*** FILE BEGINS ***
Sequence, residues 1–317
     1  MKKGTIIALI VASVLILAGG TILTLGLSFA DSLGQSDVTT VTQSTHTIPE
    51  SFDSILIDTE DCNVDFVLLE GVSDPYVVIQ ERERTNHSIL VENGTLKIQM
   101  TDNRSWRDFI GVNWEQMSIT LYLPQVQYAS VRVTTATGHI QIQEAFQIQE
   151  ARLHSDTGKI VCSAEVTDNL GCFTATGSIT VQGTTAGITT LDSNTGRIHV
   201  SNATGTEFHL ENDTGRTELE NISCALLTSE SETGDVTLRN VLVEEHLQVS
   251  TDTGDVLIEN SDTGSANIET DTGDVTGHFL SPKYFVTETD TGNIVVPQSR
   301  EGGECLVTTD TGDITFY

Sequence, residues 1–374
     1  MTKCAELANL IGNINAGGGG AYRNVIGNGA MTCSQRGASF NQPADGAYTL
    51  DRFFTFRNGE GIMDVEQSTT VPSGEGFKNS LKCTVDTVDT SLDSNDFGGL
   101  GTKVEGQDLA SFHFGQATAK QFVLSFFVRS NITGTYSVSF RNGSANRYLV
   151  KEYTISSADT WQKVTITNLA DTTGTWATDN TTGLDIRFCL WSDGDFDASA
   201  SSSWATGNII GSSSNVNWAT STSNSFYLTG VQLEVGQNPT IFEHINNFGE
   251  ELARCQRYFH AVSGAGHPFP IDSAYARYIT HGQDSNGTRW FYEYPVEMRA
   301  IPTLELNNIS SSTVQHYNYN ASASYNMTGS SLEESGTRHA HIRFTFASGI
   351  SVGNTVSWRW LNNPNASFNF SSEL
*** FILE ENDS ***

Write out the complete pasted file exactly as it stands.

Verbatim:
Sequence, residues 1–317
     1  MKKGTIIALI VASVLILAGG TILTLGLSFA DSLGQSDVTT VTQSTHTIPE
    51  SFDSILIDTE DCNVDFVLLE GVSDPYVVIQ ERERTNHSIL VENGTLKIQM
   101  TDNRSWRDFI GVNWEQMSIT LYLPQVQYAS VRVTTATGHI QIQEAFQIQE
   151  ARLHSDTGKI VCSAEVTDNL GCFTATGSIT VQGTTAGITT LDSNTGRIHV
   201  SNATGTEFHL ENDTGRTELE NISCALLTSE SETGDVTLRN VLVEEHLQVS
   251  TDTGDVLIEN SDTGSANIET DTGDVTGHFL SPKYFVTETD TGNIVVPQSR
   301  EGGECLVTTD TGDITFY

Sequence, residues 1–374
     1  MTKCAELANL IGNINAGGGG AYRNVIGNGA MTCSQRGASF NQPADGAYTL
    51  DRFFTFRNGE GIMDVEQSTT VPSGEGFKNS LKCTVDTVDT SLDSNDFGGL
   101  GTKVEGQDLA SFHFGQATAK QFVLSFFVRS NITGTYSVSF RNGSANRYLV
   151  KEYTISSADT WQKVTITNLA DTTGTWATDN TTGLDIRFCL WSDGDFDASA
   201  SSSWATGNII GSSSNVNWAT STSNSFYLTG VQLEVGQNPT IFEHINNFGE
   251  ELARCQRYFH AVSGAGHPFP IDSAYARYIT HGQDSNGTRW FYEYPVEMRA
   301  IPTLELNNIS SSTVQHYNYN ASASYNMTGS SLEESGTRHA HIRFTFASGI
   351  SVGNTVSWRW LNNPNASFNF SSEL